Climate change will harm Illinois farms, scientists warn

Agriculture in Illinois and the entire Great Lake system could be under threat if the region's climate changes, a report from the Union of Concerned Scientists (UCS) has warned.

Changing precipitation patterns, more extreme rainfall and weather events, rising ozone concentrations and an increase in pests and pathogens will disrupt current farming practices throughout the region, according to Impacts on agriculture: Our region's vital economic sector.

"Farmers in the region are already suffering from wetter spring and fall weather, and the intensity of rainstorms has also increased," said co-author and associate professor from the University of Illinois Michelle Wander. "For farmers, these changes mean crop losses and higher costs."

UCS co-author Steve Clemmer agreed that agriculture formed an important part of the global warming problem - and could also form part of the solution to it.

"Practical solutions exist today for farmers to reduce heat-trapping gas emissions from their operations," he pointed out. "Along with addressing climate change, many of the available solutions also reduce soil erosion, improve air and water quality and bring additional revenue to farmers and rural communities."

By 2030, Illinois summers may resemble those of Oklahoma or Arkansas in terms of average temperature and rainfall, according to the report. However, by the end of the century, the region's summer climate could generally resemble that of Texas if nothing is done to combat climate change.

Maximum daily temperatures could rise by five degrees Celcius, bringing the average summer up to around 20 degrees in the Great Lake region.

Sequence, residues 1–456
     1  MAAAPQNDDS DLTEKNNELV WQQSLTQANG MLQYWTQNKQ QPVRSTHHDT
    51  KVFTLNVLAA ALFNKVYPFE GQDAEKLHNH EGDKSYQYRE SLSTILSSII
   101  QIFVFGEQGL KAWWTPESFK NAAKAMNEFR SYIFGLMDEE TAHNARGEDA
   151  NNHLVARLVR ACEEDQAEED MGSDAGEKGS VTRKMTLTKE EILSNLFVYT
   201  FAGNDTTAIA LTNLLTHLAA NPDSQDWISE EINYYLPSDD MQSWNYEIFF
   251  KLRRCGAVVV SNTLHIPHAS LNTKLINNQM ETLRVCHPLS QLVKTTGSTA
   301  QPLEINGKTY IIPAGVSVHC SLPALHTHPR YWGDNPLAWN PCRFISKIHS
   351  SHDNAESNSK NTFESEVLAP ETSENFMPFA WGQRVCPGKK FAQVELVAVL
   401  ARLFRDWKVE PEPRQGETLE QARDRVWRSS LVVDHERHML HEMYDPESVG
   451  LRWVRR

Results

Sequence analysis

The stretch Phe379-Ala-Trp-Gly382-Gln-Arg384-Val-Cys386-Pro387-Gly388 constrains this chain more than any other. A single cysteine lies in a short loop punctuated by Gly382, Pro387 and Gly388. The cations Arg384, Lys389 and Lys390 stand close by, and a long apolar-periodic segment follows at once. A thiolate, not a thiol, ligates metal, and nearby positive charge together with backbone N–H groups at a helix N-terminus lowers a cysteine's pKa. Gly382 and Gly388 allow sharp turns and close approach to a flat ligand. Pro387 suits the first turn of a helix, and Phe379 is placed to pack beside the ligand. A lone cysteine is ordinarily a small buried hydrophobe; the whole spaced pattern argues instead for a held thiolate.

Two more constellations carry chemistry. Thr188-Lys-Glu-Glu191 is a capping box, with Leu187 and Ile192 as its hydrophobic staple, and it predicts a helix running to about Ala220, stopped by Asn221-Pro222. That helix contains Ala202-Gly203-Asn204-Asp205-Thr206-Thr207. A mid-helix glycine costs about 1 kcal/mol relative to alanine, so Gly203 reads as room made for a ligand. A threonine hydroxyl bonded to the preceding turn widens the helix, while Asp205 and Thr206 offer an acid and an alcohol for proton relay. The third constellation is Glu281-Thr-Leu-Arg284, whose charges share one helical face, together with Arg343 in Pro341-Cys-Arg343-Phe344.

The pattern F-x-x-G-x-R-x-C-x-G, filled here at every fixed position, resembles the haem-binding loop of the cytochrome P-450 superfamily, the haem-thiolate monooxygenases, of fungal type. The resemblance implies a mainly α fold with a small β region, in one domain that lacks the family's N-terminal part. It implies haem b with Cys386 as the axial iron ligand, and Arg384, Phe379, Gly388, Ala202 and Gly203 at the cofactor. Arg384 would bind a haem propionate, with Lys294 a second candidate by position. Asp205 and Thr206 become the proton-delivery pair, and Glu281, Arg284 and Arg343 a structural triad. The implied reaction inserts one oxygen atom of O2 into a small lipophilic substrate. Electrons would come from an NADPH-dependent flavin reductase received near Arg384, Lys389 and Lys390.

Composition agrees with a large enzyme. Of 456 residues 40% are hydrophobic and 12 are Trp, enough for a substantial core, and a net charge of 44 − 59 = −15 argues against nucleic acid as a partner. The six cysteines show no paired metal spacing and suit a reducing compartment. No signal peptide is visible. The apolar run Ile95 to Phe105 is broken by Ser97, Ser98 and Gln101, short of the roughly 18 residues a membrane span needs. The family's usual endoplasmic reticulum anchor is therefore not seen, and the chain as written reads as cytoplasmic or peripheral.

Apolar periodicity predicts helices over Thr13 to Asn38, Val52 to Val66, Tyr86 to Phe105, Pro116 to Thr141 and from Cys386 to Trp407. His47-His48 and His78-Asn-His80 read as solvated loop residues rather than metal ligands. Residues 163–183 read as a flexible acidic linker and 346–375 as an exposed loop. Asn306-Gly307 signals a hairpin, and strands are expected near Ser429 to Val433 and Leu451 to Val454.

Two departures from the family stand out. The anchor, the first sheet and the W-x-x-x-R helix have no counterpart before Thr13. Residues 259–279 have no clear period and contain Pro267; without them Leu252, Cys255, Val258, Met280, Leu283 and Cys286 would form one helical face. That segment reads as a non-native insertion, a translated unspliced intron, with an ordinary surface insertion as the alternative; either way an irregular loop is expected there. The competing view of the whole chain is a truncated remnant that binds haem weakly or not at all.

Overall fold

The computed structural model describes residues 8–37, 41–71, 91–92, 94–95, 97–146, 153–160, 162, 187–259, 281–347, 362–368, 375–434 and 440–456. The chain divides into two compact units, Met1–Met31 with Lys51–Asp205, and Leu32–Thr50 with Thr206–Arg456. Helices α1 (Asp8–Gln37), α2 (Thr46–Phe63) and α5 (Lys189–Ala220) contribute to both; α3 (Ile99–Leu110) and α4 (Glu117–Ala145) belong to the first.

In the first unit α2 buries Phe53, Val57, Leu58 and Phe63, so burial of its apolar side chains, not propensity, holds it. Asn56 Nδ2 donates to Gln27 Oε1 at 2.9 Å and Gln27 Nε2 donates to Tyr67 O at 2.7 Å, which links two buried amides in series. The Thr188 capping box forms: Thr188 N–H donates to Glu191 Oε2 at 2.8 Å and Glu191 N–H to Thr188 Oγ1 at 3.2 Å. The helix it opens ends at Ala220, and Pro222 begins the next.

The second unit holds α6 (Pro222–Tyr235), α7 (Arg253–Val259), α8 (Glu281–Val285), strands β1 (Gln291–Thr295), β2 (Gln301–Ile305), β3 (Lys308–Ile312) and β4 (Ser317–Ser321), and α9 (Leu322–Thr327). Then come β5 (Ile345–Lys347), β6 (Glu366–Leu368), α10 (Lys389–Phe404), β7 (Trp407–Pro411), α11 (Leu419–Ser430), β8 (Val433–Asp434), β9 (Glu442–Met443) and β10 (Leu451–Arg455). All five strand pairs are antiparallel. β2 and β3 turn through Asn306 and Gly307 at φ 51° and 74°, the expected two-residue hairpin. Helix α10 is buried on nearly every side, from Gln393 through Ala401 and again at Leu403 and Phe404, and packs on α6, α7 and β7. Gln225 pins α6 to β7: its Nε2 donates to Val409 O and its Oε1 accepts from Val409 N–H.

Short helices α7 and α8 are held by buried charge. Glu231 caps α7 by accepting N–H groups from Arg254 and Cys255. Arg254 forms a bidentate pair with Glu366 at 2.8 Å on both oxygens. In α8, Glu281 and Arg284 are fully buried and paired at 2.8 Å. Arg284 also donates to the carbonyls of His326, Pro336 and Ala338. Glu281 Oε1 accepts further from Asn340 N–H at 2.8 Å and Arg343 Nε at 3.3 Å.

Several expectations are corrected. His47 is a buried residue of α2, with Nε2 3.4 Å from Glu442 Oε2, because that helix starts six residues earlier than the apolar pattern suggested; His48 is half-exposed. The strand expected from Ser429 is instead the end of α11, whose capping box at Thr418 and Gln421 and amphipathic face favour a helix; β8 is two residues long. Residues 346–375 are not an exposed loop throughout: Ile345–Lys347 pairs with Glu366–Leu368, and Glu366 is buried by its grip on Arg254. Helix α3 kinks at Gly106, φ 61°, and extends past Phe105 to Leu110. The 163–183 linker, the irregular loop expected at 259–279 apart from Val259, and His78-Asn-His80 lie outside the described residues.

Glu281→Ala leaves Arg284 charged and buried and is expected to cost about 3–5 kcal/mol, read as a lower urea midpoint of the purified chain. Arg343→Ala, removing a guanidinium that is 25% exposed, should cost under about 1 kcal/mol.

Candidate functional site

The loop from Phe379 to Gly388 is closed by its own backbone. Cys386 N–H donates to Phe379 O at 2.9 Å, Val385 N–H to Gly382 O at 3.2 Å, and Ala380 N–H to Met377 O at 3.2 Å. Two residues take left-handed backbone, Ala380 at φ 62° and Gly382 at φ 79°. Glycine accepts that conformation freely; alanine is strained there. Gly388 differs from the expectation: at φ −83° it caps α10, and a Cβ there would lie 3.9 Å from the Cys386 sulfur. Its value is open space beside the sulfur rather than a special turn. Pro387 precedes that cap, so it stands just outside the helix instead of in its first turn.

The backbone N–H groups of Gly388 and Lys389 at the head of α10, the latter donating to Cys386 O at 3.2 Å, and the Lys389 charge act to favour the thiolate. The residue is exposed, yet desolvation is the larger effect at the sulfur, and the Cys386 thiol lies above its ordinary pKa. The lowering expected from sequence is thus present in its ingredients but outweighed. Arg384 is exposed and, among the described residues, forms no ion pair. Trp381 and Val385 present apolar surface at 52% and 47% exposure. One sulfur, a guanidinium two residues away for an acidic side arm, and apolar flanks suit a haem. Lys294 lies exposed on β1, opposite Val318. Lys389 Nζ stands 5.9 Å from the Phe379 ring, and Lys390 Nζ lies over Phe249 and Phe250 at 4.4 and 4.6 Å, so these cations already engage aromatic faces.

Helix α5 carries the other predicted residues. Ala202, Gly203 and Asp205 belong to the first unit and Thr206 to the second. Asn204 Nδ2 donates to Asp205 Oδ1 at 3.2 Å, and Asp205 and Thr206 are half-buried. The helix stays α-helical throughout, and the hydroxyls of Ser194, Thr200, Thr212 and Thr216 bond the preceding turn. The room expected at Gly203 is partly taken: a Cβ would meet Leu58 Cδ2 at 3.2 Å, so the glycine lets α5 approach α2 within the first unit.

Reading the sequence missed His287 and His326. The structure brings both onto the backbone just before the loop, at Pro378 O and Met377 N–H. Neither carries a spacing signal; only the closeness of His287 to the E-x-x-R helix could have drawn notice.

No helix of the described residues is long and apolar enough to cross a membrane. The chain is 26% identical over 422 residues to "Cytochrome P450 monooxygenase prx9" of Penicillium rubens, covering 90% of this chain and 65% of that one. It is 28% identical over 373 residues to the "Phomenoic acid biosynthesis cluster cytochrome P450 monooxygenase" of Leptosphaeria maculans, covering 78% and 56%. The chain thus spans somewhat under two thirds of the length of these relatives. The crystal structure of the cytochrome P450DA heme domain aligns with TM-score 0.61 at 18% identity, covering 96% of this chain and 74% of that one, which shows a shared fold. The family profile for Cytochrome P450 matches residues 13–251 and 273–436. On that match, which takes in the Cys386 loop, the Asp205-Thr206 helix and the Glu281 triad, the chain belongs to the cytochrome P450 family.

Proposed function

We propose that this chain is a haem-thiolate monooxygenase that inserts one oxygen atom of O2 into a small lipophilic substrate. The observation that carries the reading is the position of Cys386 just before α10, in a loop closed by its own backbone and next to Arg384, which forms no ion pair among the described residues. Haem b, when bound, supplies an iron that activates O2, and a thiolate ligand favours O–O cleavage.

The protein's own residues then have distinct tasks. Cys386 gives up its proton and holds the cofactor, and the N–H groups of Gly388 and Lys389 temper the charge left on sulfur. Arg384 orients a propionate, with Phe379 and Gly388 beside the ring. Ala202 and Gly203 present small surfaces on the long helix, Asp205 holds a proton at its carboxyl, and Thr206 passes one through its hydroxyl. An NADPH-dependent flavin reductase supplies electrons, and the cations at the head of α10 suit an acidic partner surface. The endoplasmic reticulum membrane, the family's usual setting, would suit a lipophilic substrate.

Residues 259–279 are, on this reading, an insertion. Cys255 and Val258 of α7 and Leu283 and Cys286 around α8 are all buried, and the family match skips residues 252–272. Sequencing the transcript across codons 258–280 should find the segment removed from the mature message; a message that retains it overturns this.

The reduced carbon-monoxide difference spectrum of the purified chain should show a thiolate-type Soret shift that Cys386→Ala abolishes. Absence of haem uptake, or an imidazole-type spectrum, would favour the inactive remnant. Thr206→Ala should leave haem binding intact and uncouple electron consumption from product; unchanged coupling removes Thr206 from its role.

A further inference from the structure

The report also showed that drought frequency would probably increase due to the combination of higher summer temperatures, evaporation, runoff from intense rainfall events and a decline in summer precipitation - all of which could have a disastrous impact on the Great Lakes.

With regards to agriculture, the changes to precipitation patterns would be of serious concern, the UCS stated, as crop production in Illinois is already suffering from problems related to both excess and insufficient moisture, and the progression of climate change would make these problems considerably worse.

Crops of corn and soybeans would be affected in particular, as the combination of high heat and flooding proves to be lethal to them.

"Ozone is particularly damaging to soybeans and the horticultural crops, and soybean yields in the region have already been reduced by approximately 25% because of ozone damage," Professor Wander explained.

The report said the best solution would be policy changes that would address heat-trapping emissions, as well as an increase in funding for energy efficiency and renewable energy projects.

By Jane Kettle




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